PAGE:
How to Remove Calcium Deposits from Faucet
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As we all know, every household needs to deal with calcium deposit stains every once in a while.
Calcium deposits, also known as limescale, usually come from water that contains softened calcium salts (calcium carbonates). Water that contains a high level of these minerals is commonly known as hard water.
Hard water is easy to notice, the first signs that you are having this problem are white stains and build-up around your faucet. The build-up may also take a yellowish tone and this could be an indicator that there is also some iron in your water and this can lead to your sink being blemished and rusty.
But before you rush and call your plumber to the rescue, you can try out this method to try and take care of the problem yourself.
All you need are a few supplies that you probably already have sitting around in your home. So, let’s begin.
Items that you will need
First of all, here is a list of the couple of supplies that you will need to get in order to prepare for the process of removing the limescale.
What you will need:
- White vinegar – White vinegar typically contains a higher level of acetic acid than compared to distilled vinegar. It is known as a very versatile cleaning product, and it has been used by many previous generations; chances are even your grandmother’s grandmother had it in her household. It will serve you perfectly for this problem.
- Paper towels
- Rubber bands
- Sponge – If you don’t have a sponge, the textured cloth will also do the trick.
- Store-bought cleaner for lime and rust (optional) – While white vinegar is more than efficient in dealing with calcium deposits, some might feel like using a store-bought lime cleaner. In this case, don’t forget to wear a pair of rubber gloves and be careful not to breathe in the chemicals.
As you can see, you probably have most of these things in your home, but if you are missing something they can surely be found online.
Once you get all of these items, it’s time to move to the explanation of the cleaning process.
How to Remove Calcium Deposits from Faucet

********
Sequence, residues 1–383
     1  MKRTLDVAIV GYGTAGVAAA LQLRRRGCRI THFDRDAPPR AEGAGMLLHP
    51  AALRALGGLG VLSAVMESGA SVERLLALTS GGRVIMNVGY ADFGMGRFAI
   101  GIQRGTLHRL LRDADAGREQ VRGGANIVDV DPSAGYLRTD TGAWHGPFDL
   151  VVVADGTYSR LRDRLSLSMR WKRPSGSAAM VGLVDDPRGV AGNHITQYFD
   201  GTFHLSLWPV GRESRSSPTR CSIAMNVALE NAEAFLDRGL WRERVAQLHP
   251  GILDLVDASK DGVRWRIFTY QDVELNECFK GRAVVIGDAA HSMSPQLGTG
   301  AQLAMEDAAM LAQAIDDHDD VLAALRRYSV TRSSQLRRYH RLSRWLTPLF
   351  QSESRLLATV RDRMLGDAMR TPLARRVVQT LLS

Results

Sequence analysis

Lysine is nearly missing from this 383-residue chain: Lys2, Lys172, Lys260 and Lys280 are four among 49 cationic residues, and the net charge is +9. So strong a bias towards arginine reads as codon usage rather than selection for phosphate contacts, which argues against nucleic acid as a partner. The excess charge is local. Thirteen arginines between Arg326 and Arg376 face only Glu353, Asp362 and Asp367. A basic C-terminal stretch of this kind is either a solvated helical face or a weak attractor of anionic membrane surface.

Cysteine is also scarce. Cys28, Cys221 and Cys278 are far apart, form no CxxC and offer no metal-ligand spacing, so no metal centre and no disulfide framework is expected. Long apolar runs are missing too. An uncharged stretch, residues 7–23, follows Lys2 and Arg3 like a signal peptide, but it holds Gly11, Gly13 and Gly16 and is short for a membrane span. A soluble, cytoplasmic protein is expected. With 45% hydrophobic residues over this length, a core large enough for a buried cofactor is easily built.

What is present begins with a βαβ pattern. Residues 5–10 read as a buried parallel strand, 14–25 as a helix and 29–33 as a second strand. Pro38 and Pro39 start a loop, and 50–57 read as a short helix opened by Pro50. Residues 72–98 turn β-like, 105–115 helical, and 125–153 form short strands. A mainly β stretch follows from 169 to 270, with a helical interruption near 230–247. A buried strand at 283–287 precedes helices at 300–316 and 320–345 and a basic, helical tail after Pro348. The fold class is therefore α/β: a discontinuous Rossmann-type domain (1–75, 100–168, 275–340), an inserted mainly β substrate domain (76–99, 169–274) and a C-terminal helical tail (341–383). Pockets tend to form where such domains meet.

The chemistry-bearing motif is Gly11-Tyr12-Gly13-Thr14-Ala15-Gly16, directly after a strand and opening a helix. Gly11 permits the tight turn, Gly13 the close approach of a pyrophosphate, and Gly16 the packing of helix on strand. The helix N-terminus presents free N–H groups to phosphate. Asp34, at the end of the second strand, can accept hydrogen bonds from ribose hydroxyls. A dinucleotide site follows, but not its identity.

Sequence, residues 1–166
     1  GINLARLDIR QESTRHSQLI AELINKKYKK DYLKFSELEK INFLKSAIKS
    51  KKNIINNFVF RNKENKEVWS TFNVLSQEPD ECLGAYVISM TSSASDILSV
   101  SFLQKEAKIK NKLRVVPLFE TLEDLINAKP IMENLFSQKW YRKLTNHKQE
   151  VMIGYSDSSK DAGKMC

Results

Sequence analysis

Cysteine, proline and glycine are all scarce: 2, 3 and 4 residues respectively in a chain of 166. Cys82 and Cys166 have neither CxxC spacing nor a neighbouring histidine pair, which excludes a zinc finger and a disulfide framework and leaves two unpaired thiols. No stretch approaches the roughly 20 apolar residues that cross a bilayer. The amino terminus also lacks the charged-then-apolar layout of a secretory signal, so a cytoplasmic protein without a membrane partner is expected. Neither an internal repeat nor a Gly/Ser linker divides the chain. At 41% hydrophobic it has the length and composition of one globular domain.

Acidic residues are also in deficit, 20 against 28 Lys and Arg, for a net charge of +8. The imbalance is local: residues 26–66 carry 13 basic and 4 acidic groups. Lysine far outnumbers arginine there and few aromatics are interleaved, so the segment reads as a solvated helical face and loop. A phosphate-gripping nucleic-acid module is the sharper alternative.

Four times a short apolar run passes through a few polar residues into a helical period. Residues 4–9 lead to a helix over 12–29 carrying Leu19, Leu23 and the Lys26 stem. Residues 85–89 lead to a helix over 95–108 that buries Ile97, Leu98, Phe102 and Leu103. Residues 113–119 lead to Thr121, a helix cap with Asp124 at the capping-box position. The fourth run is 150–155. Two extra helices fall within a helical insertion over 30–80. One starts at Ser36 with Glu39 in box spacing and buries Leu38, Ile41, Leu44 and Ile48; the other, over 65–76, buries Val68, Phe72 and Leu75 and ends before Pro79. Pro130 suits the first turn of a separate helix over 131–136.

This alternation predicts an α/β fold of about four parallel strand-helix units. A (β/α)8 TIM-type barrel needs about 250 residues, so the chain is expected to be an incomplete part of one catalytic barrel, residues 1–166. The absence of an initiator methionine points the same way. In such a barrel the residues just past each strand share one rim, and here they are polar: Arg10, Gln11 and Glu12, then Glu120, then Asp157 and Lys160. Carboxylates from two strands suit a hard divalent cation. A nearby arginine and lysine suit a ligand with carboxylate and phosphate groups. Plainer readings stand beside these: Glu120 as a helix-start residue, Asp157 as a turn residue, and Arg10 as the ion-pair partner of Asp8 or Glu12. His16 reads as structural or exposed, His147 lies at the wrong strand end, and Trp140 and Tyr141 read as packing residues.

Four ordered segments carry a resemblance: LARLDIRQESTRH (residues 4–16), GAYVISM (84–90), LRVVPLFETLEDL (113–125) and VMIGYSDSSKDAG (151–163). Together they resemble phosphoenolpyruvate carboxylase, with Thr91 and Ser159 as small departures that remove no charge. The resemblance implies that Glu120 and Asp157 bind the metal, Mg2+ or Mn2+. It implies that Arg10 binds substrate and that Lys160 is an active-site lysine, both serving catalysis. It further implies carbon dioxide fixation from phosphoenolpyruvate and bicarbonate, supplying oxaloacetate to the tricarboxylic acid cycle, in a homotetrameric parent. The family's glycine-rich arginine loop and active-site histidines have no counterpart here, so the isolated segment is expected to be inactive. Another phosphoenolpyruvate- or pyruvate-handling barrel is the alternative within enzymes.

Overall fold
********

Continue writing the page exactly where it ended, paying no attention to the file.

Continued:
Follow these next few steps in the given order and you’ll fix your problem in no time.
Step 1 – Cleaning the faucet
Before you do anything else, you first need to clean your faucet.
Begin with soaking a few paper towels in white vinegar and cover the problematic parts of the faucet. Make sure to secure them with the rubber bands. Leave it like that for approximately an hour.
After finishing this, soak your sponge with water and clean the faucet. You can now either wait for the faucet to dry off or you can speed up the process by using a hairdryer for example.
After the faucet is clean and dry, move on to the next step.
Step 2 – Getting rid of the deposits and buildup
Now, it is time we move on to the most important step.
So, prepare your plastic bags (if you have sandwich-sized plastic bags, they will be the most useful) and fill it with white vinegar, and just like in the last step, make sure to secure it onto the faucet with rubber bands.
The faucet end tip should be fully dunked in so the vinegar can make its way inside the faucet as much as possible.
It’s probably best that you leave the plastic bag on for about two hours.
Next, use your sponge or textured cloth to clean the faucet. Let it dry and try turning on the water.
If you are still having problems with the water flow there is a good chance that you will have to disassemble the faucet and soak your aerator in vinegar before wiping it clean again.
This may occur because calcium deposits affect the insides of the faucet, clogging it and making the water stream unevenly rather than flowing.
Step 3 – Measures of preventing this from happening again
Seeing that that calcium deposits can cause quite a few troubles (clogging the pipes or affecting the water pressure) it is best that you try and prevent this from happening again and stretch the life span of your plumbing system.
The best solution is to have a water softener installed. If you already have it, it is crucial that you keep it well maintained to enhance its performance.
If neither cleaning the faucet nor the aerator fixes your problem, it’s possible that your pipes have been clogged with the calcium buildup and minerals, or some other issue is at hand.
Interesting to know – Why are vinegar baths so efficient?
The reason why white vinegar is so effective is because of the acetic acid that it contains which acts as a solvent. It helps dissolve not only calcium buildup but every other mineral deposit that might be clogging your faucet.
Cleaning with vinegar is a regular part of many people’s housekeeping routines. It is also very inexpensive and cheaper than most of the specialty cleaners you can find in stores.
It’s very important to remember that is all-natural and there are no toxins and fumes that you should be worrying about. You can even use it to clean your child’s bedroom and not have any concerns about it.
Aside from all these benefits, there are a few things you should keep in mind when using white vinegar. The most important thing to remember is that you avoid contact with your eyes, as it will cause many problems. You will have to rinse the entire eye with fresh water until the sting is completely gone.
Conclusion: Removing Calcium Deposits from Facuet
While there are probably more than a few methods of removing calcium deposits we find this one to be the most efficient, especially if you don’t have a lot of knowledge in this area of plumbing.
We hope these instructions were useful in helping you resolve this issue.